We saw that Hannah was bold in her request to God. She asked for a lot. I think what we see in her request is something more than the joy of parenting, but the chance to join with God in what He is about to do. In her barrenness she felt like she was being denied that chance. And this leads us to what I think is the most important application of this text.
PURPOSE: All we are, and all we have, and all we do, is for God and His purposes. Today on Mother’s Day, it is a reminder that our kids belong to God. They are on loan to us from God, just like everything else. Thirteen years ago, when God chose to make Lisa a mother, and me a father, he gave us a gift that He wanted back. From the time that Luke was born, we have placed in him a vision that his birth was special and his life is unique; that he belongs to God, and that God has great things in store for him. Ten years ago, with our second son Michael, God gave us a powerhouse of potential and a tender heart that we fully expect to be used in God’s service. Both our boys have unique gifts, abilities and personalities. The wise mother (and father) helps shape their future by giving them a dream to live up to. Don’t you know that Hannah did that for Samuel, telling him this story, never cutting his hair, cutting the cloth of his future with every garment she made. You know if we don’t give our kids a vision of who they will be in God’s world, who will?
Woman, how divine your mission Here upon our natal sod!
Keep, oh, keep the young heart open Always to the breath of God!
All true trophies of the ages Are from mother-love adorned with pearls;
For the hand that rocks the cradle Is the hand that rules the world. (William Ross Wallace, stanza 3, “Hand That Rocks the Cradle”)
There are times in our lives when we forget that parenting (or really anything in this life) is a calling, a mission from God. But it is. It is a mission, a stewardship, a responsibility He has entrusted to use for His purposes. We forget, and the “daily-ness” of family life eclipses everything else. We shuttle from one thing to the next, the next project, the next test, the next game, the next church activity, the next crisis of growing up, and the last thing on our mind is a calling from God as parent. All we can think about sometimes is survival.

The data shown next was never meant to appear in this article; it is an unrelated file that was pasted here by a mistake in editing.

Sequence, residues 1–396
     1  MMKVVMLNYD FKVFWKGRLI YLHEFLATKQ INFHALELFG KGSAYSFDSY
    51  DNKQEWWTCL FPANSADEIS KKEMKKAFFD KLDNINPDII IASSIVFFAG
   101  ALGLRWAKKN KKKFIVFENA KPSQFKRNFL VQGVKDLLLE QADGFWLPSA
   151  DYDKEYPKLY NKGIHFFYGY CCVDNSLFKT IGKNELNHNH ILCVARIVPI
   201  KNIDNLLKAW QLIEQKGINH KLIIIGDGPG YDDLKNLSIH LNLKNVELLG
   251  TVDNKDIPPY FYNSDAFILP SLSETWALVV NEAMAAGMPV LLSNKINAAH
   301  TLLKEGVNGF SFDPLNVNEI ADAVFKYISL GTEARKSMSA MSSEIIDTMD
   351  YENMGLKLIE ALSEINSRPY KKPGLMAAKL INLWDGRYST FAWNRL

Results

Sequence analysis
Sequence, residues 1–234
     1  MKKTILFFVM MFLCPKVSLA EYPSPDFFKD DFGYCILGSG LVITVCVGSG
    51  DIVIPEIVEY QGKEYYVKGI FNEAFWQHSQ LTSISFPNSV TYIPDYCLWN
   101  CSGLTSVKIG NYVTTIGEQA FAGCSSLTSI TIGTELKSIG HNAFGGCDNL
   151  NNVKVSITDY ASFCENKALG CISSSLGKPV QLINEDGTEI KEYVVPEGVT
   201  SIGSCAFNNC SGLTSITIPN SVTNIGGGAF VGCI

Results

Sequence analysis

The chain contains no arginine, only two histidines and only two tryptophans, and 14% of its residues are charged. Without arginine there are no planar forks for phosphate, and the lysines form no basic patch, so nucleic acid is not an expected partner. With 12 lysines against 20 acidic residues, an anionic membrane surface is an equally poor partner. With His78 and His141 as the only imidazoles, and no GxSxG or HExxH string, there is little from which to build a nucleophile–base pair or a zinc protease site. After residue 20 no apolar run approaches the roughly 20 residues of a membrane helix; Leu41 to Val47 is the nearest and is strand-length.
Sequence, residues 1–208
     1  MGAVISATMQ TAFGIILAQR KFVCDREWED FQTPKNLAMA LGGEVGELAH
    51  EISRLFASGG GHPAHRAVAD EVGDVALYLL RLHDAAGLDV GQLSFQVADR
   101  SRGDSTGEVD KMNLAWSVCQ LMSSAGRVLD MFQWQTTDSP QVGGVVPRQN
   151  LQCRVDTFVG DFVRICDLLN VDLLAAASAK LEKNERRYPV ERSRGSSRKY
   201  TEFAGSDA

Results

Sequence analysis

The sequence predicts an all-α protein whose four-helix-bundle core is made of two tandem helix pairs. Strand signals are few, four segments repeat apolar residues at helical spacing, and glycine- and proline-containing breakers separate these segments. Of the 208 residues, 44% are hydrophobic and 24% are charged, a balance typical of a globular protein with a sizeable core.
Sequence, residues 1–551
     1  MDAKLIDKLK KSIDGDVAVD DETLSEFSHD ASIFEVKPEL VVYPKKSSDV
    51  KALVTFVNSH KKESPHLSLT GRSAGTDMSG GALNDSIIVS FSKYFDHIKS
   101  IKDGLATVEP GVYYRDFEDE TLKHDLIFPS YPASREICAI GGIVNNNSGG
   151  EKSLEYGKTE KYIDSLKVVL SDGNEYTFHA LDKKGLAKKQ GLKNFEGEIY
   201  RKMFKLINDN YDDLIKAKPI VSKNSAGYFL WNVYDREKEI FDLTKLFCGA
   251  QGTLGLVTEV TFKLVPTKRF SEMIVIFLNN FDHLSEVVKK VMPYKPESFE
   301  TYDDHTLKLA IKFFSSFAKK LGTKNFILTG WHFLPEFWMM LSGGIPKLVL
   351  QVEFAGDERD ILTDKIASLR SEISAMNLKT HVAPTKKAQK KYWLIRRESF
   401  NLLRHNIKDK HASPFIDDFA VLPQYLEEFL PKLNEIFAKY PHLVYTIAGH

I think we need to follow Hannah’s example here as well. You take whatever opportunity you have. Whether it’s on the way to school, or out on the ball field, at the dinner table, or as you kiss your kids good night, you take the opportunity you have. Lisa is outstanding in this. I have a long way to go. Hannah really only got a few years of devoted time with Samuel, but she took whatever opportunity she had. This takes faith. Faith that when God is in it, that’s enough. God’s hand was on Samuel. Isn’t His hand on your child too?
When we focus on God’s purpose, it reminds us that parenting is not about us, it is not really even about our kids. It is about God. How often it is that, with any gift from God, we wrongly assume that it is ours to spend upon ourselves. God gives us great joy through parenting, but that’s not the main reason why He made us parents. Hannah prayed, and God answered and gave her a son. But the answer to the prayer wasn’t the end, it was only the beginning. When God answers our prayer, it is because He is about to do something, and so he gives us what we need to move His purpose forward. For example, for the last two years, we have prayed for a Sr. Pastor. We prayed, and God answered, but it would be wrong to think that’s the end. It’s only the beginning. God’s answer is to bring us into a new season at Immanuel, one that I think will be more fruitful than any we have experienced so far.
And so it is with our kids. We have to shape them for the future, because God intends to do something through them, and to use us to get them ready for that. Mothers please remember that. Remember that when you feel frustrated, unappreciated, neglected, taken advantage of, run ragged, weighed down with care, stretched to the breaking point, unsupported by dad, pressured by your own mother, and absolutely misunderstood. Remember that God is going to use you in spite of all that, and probably through all of that, and also remember that what God gives you to do, He always supplies what you need to do it. That’s called grace, and He gives it abundantly. : 7 That’s what Hannah found out. Listen to her song from 1 Samuel 2, verse 2:
2“There is no one holy like the Lord, / Indeed, there is no one besides You, / Nor is there any rock like our God. (And down in verse 8) 8“He raises the poor from the dust, / He lifts the needy from the ash heap / To make them sit with nobles, / And inherit a seat of honor; / For the pillars of the earth are the Lord’s, / And He set the world on them. / 9“He keeps the feet of His godly ones, / But the wicked ones are silenced in darkness; / For not by might shall a man prevail.
For not by might shall a mom prevail either. When no one understands your problems, even your well-intentioned husband. For not by might shall a mom prevail. When you are at your wits end, and the best and only thing you can do is pray. For not by might shall a mom prevail. When your pain leads you to a realization of God’s purpose. For not by might shall a mom prevail. Let’s all say that together, and then I’ll close in prayer: For not by might shall a mom prevail.
Prayer for the women, mothers, dads and children.